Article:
May blossom - Fact and fiction

By Paul Hervey-Brookes, May 30

May blossom - Fact and fiction

May is the common name for the Hawthorn blossom which brings good luck when it is used outdoors and bad luck when cut and brought indoors. To the Greeks, the May was a flower of great fortune and a symbol of luck to newly weds. It was strewn at the altar, worn in headdresses and made into torches for the nuptial chamber.

The Welsh goddess Olwen walked the empty universe and the hawthorn petals left in her wake became the Milky Way. Apparently, sleeping next to a flowering Hawthorn indoors during May would bring great misfortune. Breton legend says Merlin lies in an enchanted sleep in the shade of a hawthorn.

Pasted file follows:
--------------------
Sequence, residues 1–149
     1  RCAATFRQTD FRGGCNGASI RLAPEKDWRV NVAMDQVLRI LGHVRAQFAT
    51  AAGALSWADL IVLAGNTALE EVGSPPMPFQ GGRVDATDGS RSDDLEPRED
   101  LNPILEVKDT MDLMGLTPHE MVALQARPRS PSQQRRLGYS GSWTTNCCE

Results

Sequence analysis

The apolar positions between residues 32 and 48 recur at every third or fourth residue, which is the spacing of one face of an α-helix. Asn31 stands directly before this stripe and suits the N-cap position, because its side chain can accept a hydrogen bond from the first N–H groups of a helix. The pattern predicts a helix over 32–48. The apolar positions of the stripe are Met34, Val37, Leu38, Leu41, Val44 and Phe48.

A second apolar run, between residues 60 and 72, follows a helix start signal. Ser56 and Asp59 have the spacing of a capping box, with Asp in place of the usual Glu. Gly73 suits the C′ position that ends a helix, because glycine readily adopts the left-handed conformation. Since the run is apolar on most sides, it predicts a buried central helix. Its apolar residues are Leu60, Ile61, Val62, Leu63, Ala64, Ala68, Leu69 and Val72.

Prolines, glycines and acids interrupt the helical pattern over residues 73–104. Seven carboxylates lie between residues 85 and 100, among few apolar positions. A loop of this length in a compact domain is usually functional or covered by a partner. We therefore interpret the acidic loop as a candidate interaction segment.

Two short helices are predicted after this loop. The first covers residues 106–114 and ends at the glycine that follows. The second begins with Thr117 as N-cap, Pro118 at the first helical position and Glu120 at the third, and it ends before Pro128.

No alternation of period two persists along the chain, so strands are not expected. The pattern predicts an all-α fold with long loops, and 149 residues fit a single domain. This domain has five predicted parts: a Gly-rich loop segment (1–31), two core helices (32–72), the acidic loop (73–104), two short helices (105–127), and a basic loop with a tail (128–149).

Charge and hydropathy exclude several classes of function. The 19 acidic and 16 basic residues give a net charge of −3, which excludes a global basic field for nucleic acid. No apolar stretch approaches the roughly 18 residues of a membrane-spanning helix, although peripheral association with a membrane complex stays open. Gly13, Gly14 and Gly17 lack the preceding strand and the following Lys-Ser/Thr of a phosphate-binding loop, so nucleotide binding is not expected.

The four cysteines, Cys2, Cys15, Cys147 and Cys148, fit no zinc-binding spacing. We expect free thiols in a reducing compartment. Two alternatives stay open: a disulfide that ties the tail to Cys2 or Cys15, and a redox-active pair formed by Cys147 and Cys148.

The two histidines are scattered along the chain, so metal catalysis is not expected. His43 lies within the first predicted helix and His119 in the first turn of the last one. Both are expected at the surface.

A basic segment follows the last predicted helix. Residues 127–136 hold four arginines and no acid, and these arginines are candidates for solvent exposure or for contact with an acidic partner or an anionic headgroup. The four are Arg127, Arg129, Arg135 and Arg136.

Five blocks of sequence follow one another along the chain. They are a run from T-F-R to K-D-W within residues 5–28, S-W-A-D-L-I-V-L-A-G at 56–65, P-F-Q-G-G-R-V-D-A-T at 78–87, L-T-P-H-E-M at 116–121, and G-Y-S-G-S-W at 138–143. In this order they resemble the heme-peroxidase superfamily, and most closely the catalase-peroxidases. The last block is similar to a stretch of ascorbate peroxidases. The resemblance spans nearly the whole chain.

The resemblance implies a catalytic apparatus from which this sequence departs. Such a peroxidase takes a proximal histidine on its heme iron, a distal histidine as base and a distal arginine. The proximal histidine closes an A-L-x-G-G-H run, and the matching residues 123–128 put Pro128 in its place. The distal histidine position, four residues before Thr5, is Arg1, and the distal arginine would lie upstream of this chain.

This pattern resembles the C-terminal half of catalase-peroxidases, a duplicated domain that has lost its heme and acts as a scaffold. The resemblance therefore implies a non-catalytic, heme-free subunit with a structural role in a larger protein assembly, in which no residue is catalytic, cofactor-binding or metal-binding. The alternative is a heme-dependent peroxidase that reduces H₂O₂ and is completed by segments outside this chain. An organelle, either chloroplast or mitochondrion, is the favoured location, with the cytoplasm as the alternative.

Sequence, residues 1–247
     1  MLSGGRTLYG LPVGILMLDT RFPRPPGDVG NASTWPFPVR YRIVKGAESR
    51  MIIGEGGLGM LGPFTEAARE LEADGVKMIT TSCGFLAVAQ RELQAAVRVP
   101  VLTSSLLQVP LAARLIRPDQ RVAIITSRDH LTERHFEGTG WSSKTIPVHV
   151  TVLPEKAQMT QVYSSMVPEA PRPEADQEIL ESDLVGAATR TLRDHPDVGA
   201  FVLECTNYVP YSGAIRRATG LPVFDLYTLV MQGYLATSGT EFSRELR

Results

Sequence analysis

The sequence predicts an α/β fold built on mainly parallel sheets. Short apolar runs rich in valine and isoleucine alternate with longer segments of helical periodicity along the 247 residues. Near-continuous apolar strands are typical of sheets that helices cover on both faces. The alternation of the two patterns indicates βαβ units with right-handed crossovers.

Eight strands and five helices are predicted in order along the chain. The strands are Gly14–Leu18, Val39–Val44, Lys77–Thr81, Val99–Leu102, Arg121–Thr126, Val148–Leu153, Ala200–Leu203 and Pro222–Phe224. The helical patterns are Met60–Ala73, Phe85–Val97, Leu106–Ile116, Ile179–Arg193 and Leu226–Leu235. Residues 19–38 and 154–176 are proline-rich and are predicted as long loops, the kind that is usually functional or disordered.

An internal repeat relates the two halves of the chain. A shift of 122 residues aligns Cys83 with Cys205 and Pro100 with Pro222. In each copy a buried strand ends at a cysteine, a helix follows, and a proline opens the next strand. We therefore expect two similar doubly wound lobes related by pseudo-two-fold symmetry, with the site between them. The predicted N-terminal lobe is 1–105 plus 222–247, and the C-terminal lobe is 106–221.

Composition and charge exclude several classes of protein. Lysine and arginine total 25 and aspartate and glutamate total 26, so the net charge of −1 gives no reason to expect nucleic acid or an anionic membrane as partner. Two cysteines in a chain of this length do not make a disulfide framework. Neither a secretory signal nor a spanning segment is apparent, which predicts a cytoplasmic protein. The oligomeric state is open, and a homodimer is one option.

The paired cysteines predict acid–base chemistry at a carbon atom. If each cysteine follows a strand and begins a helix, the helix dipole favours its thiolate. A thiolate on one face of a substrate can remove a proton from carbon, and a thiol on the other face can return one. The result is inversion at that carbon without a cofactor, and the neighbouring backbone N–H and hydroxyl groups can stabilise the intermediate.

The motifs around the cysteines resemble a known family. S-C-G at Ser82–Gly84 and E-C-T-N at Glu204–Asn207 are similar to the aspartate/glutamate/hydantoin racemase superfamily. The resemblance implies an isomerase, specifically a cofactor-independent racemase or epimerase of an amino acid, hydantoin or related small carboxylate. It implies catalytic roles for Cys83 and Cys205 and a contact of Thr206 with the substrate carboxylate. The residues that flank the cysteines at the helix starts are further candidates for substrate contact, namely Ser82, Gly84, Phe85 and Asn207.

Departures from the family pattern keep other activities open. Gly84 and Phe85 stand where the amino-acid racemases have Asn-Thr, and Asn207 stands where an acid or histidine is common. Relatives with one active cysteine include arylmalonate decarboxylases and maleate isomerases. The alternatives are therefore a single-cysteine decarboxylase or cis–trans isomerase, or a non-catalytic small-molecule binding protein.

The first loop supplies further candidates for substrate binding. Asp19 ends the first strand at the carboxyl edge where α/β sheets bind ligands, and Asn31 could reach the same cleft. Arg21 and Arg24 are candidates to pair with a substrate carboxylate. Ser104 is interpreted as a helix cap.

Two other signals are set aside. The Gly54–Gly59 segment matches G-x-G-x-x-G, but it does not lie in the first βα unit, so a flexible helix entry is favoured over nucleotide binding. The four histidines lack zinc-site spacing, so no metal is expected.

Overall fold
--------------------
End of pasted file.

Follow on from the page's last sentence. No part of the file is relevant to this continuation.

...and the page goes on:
Before the Reformation, Roman Catholics placed sprigs of May in their windows to indicate that a priest would be saying mass.

Hawthorn is the state flower of Missouri. The blossom smells like rotting meat, a smell associated with the Black Death.

In contrast, May blossom can be drunk as a tonic tea that has beneficial effects on the heart and circulation!

Most famous is the Glastonbury Hawthorn derived from the staff of Joseph of Arimathea that he struck into the ground at Wearyall Hill where it at once burst into flower...

Perhaps you have some more interesting info on this beautiful blossom? Share it with us!


Paul has his own highly successful landscape design business, and has also designed a range of gardening gifts for Marks and Spencers.

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